Alien Isolation: Brief hands-on

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The middling Xbox press conference was succeeded by a play day, and we got the opportunity to go hands on with a few titles. Unfortunately, so did every other Tom, Dick and Harry at the event, which means the queues were all rather long – and with limited time to play before having to dash out to Sony’s press conference, we had to cherry pick what we got too see. I made a beeline for Alien: Isolation.

The reasons are numerous; not least of which is that I have an appreciation for Ridley Scott’s Alien (more so than Cameron’s action-filled Aliens). The other primary reason I wanted to play Isolation is to get the foul, lingering stench of Colonial Marines out of my mind.

So I picked up a controller, wandered around for what must have been about 4 seconds, and summarily died, having become the latest victim of the large and surprisingly quiet Xenomorph that had just turned my insides to puddles of viscera. The demo you see, had little context or narrative behind it – and wasn’t even the game proper. It was some sort of challenge mode. I had no clear set of goals, other than that I had to survive without using the motion sensor, collect some or other McGuffin and find a set of ID badges.

I failed miserably at all three. The motion sensor is downright necessary; it helps you keep track of the monster in a rudimentary way, displaying its position should it move, without a third dimension. Without it, you have to rely very much on listening to every single little sound, and that in itself becomes rather frightening. Mostly because if you are seen, or make enough noise to attract the slimy, toothy matriarchal monster you will die, instantly. There’s no question about it.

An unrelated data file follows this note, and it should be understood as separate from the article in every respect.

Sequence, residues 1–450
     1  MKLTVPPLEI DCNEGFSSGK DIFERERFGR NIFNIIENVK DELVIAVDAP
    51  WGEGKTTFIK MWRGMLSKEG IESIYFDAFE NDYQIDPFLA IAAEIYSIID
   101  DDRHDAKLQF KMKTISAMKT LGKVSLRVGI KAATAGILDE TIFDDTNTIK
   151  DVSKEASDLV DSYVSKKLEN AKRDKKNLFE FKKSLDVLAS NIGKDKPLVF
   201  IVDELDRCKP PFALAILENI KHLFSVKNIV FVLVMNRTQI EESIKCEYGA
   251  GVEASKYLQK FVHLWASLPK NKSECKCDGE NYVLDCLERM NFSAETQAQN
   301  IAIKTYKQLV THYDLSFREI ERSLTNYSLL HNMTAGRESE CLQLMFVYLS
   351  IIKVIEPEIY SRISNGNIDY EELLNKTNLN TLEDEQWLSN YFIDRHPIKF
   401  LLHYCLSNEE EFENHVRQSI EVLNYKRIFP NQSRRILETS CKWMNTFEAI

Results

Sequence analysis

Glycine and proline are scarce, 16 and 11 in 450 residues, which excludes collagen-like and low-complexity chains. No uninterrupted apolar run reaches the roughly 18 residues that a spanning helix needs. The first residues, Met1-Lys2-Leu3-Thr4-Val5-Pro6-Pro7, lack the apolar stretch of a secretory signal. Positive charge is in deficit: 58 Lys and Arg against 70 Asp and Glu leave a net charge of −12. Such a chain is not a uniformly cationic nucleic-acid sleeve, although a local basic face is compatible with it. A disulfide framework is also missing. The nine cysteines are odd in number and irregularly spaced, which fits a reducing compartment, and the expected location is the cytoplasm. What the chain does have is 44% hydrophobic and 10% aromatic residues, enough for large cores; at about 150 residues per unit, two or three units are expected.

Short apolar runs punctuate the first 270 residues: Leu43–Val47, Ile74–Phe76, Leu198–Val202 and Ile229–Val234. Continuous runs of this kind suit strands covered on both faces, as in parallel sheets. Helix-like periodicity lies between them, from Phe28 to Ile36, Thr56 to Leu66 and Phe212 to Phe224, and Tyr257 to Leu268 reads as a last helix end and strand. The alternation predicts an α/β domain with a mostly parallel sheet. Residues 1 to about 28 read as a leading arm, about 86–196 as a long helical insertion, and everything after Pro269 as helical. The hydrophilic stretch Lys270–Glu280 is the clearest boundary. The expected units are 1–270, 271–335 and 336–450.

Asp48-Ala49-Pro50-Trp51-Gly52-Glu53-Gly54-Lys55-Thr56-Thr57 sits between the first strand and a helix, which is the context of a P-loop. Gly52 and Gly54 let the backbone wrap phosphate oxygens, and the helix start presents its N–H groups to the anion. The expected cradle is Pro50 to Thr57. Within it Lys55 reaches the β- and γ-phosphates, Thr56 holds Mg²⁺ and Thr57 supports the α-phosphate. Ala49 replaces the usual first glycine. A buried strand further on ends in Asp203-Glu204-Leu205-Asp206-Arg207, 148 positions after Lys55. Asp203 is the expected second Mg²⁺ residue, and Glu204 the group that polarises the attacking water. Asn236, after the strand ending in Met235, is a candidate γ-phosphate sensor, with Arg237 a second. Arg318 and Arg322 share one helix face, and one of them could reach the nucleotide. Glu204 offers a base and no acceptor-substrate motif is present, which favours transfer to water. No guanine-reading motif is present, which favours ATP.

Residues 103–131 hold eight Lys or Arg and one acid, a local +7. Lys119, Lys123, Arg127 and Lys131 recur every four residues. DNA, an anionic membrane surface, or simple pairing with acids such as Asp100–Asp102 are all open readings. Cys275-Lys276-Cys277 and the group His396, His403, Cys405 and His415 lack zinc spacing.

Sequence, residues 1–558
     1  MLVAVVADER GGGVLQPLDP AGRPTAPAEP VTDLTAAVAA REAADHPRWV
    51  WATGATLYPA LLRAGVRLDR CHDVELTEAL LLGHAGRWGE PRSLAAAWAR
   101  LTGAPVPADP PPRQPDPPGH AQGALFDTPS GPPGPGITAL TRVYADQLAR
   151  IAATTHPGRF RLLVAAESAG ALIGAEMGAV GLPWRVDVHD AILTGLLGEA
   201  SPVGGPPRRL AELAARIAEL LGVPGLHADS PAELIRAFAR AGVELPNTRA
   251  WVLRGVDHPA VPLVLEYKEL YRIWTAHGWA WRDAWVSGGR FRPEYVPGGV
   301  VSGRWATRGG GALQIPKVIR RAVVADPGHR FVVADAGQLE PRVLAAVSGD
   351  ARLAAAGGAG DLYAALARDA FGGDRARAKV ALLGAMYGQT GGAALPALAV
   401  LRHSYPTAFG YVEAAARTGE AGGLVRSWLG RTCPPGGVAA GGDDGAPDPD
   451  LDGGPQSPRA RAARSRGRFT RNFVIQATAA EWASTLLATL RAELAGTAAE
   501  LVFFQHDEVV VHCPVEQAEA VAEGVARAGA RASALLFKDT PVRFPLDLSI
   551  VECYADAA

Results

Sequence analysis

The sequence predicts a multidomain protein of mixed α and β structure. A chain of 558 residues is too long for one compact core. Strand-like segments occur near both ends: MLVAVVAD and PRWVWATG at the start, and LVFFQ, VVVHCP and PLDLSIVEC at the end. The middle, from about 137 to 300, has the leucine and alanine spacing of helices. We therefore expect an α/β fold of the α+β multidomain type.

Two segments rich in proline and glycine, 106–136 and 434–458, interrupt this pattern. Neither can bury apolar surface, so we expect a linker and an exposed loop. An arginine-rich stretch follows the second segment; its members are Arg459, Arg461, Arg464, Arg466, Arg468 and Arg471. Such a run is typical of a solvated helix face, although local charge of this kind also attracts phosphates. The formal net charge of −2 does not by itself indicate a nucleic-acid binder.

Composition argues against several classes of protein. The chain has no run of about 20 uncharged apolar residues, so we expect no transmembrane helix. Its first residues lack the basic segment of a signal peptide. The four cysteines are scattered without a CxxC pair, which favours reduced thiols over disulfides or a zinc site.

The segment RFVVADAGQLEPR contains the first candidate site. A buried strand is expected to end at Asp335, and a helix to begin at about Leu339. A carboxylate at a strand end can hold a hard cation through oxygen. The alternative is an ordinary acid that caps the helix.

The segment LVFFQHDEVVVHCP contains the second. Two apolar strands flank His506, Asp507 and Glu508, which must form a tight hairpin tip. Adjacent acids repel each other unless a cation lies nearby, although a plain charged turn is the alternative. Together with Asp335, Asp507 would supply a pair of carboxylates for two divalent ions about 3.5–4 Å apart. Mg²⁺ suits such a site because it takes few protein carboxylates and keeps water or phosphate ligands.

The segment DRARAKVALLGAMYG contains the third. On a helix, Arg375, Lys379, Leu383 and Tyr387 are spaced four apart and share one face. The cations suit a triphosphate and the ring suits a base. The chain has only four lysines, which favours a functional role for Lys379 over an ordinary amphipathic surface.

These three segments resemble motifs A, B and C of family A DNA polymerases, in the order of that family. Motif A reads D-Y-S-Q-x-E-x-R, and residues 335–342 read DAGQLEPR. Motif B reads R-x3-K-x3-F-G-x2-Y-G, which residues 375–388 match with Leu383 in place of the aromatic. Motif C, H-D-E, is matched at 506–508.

I know this, because I died far more than the manly bravado I used to posses before it got scared away would ever allow me to admit. I got to play the game for a brief few minutes, spending much of my time hidden in whatever large enough receptacle would hold me as I watched the skulking alien from the relative safety of a vent. When I was braver, I did manage to find a working flame-spitting gun of some sort, which I managed to use to set the absolutely nothing in front of me ablaze in an absolute panic. About 2 seconds before I was disembowelled. and that was all I managed to do in the 10 or so minutes I played the game.

Being stuck, alone, on a rather small ship with little more than your wits and a few conveniently located lockers is terrifying and I can’t wait to do it some more.

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Geoffrey Tim

I'm old, grumpy and more than just a little cynical. One day, I found myself in possession of a NES, and a copy of Super Mario Bros 3. It was that game that made me realise that games were more than just toys to idly while away time - they were capable of being masterpieces. I'm here now, looking for more of those masterpieces.

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